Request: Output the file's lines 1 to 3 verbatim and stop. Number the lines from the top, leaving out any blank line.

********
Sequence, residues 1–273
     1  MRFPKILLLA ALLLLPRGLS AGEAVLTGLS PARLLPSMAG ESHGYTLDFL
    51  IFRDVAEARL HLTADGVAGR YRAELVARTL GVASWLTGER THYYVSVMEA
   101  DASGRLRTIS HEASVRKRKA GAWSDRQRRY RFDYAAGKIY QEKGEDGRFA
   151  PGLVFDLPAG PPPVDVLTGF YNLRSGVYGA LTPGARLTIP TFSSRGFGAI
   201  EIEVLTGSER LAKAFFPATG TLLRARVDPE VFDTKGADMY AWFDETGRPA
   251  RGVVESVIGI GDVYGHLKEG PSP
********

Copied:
Sequence, residues 1–273
     1  MRFPKILLLA ALLLLPRGLS AGEAVLTGLS PARLLPSMAG ESHGYTLDFL
    51  IFRDVAEARL HLTADGVAGR YRAELVARTL GVASWLTGER THYYVSVMEA